Hermes: an open source implementation of Publish/Subscribe engine

I’m glad to announce Hermes, a new open source project developed by TellagoDevLabs. It implements a Publish/Subscribe pattern exposed through a RESTFull API  and MongoDB as backend for storage.

Hermes allows us to create Topics and then Publishers and Subscribers will be able to publish and retrieve messages for a specific Topic.

Hermes is message agnostic, that means that it doesn’t care about what the message contains and its data type.

Its RESTFull interface allows us to interact with Hermes using plain HTTP request. The example below shows us how to publish the string “Hello Hermes!” for a Topic (In this example the Topic’s ID is ‘4e1aeec5e892e70b044c695c’)

To publish the message we should:

  1. Create a HttpWebRequest
  2. Set request’s method to POST
  3. Complete the Content-Type Header with a valid value, in this case it will be ‘text/text’
  4. Set Request’s body with the message, in this case it will be ‘Hello Hermes!’ but you can set any stream as message’s body.
  5. Optionally, you can add custom HTTP headers, in this sample I added a header named ‘Foo’
// Create HTTP POST request var request = (HttpWebRequest)WebRequest.Create("http://localhost:6156/messages/topic/4e1aeec5e892e70b044c695c");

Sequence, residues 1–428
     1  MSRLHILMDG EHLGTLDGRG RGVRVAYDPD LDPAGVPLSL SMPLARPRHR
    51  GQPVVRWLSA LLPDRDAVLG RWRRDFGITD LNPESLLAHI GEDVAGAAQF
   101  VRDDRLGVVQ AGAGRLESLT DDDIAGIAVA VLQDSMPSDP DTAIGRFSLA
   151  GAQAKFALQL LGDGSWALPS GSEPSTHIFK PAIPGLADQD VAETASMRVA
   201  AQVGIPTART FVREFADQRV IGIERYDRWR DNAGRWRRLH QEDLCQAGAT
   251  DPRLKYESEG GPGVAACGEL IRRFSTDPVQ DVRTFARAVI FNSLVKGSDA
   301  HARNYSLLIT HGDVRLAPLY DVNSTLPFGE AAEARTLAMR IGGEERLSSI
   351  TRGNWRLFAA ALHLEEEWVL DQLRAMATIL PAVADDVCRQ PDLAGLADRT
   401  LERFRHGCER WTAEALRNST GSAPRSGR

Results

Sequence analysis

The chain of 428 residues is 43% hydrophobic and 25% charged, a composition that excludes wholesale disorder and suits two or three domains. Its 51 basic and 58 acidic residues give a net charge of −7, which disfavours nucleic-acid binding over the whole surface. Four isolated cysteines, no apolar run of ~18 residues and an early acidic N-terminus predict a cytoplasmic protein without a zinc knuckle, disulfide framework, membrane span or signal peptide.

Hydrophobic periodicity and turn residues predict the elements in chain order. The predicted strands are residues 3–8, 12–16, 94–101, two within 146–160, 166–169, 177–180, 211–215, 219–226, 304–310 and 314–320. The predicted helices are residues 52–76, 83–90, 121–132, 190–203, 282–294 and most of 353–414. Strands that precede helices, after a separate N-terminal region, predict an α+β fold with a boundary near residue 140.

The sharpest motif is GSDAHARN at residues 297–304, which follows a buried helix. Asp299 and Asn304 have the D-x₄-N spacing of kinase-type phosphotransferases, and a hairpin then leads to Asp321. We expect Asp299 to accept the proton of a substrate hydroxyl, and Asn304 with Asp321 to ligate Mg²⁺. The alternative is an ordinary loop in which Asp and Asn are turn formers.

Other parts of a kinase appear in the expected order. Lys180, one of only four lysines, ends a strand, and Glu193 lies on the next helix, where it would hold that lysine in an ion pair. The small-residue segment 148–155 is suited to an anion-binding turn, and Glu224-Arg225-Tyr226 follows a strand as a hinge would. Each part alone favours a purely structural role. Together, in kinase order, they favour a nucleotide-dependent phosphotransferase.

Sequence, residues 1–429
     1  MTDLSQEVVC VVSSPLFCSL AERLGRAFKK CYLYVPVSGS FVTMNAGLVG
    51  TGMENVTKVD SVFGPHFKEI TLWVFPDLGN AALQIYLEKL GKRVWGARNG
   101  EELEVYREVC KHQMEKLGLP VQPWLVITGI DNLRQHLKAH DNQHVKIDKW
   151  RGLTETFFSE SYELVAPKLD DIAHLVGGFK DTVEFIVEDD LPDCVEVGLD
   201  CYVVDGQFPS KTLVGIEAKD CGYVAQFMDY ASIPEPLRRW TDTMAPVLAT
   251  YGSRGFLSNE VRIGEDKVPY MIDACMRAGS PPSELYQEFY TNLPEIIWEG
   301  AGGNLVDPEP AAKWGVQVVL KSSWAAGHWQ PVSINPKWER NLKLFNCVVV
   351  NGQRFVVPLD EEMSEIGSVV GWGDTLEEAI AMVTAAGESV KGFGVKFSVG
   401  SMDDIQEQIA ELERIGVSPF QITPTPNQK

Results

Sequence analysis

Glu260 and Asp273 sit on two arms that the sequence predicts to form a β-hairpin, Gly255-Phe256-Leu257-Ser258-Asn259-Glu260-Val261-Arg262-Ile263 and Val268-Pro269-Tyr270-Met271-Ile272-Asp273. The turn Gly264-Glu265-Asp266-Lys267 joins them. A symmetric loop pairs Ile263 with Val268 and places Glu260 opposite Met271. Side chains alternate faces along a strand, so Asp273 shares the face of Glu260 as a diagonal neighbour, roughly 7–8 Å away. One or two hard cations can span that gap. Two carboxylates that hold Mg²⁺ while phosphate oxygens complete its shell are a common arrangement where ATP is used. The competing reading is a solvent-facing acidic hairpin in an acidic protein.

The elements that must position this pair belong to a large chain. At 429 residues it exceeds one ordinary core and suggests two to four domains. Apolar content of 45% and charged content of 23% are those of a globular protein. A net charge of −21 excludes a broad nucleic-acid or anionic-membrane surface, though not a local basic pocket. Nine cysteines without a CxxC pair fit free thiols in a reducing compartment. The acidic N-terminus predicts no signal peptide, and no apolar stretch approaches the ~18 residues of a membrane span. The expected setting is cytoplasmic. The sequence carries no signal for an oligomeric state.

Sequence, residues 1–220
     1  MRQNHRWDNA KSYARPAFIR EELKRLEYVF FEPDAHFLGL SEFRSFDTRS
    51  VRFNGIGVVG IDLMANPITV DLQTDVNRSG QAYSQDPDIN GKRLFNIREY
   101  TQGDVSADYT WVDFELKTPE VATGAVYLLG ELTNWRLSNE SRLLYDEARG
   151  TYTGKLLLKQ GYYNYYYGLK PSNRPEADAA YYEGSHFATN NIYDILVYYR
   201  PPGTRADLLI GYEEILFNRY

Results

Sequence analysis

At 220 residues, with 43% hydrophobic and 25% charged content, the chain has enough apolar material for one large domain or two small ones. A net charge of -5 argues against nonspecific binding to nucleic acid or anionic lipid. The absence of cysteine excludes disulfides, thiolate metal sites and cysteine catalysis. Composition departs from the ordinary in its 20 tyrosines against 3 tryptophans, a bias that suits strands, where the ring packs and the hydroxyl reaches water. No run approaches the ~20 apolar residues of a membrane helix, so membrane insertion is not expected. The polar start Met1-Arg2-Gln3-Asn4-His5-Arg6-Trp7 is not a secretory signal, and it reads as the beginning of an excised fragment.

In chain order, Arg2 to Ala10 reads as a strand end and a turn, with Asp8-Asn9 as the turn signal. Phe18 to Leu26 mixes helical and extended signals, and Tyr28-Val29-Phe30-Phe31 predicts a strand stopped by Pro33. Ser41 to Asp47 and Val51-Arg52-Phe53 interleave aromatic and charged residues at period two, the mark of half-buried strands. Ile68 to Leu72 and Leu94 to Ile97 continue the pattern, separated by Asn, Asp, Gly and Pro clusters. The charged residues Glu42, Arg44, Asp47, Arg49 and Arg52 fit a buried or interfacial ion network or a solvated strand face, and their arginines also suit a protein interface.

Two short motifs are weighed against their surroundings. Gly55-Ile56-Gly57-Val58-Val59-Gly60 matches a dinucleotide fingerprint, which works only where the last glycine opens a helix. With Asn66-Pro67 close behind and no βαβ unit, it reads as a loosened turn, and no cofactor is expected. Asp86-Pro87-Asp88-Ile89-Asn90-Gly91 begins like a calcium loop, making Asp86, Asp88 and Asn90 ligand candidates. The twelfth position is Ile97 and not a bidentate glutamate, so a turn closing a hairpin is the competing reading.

request.Method = "POST";

// Add Body and Content-Type header to the Request request.ContentType = "text/text";
using (var stream = request.GetRequestStream())
    using (var writer = new StreamWriter(stream))
        writer.Write("Hello Hermes!");

// Add a custom header to the request request.Headers.Add("foo","some data");

// Publish the message var response = (HttpWebResponse)request.GetResponse();

// Displays HTTP status code and message's url. Console.WriteLine("HttpStatusCode: {0}", response.StatusCode);
Console.WriteLine("Header Location: {0}", response.Headers["Location"]);


When Hermes processes the request, it store the request’s body an all request’s headers, and after that it returns a HTTP response with status code 201 CREATED, and the Location HTTP header containing the URL to the message just published.

We can retrieve the message sending an HTTP GET request to the URL receive at Location header:

// Create HTTP GET request to Retrieve the message request = (HttpWebRequest)WebRequest.Create(response.Headers["Location"]);
request.Method = "GET";

// Send the request response = (HttpWebResponse)request.GetResponse();

Console.WriteLine("Retrieving message");
Console.WriteLine("Foo header: {0}", response.Headers["Foo"]);
Console.WriteLine("Message body: {0}", new StreamReader(response.GetResponseStream()).ReadToEnd());

Or we can retrieve all the messages for a specific topic sending an HTTP GET request to the Topic’s URL. The response will contain an array of links to each topic’s message:

// Create HTTP GET request request = (HttpWebRequest)WebRequest.Create("http://localhost:6156/messages/topic/4e1aeec5e892e70b044c695c");
request.Method = "GET";

// send request response = (HttpWebResponse)request.GetResponse();

Console.WriteLine("Polling topic's messages");

var contentAsString = new StreamReader(response.GetResponseStream()).ReadToEnd();
var content = XDocument.Parse(contentAsString);

I ran the sample above against a Topic that contains two messages, below is its output: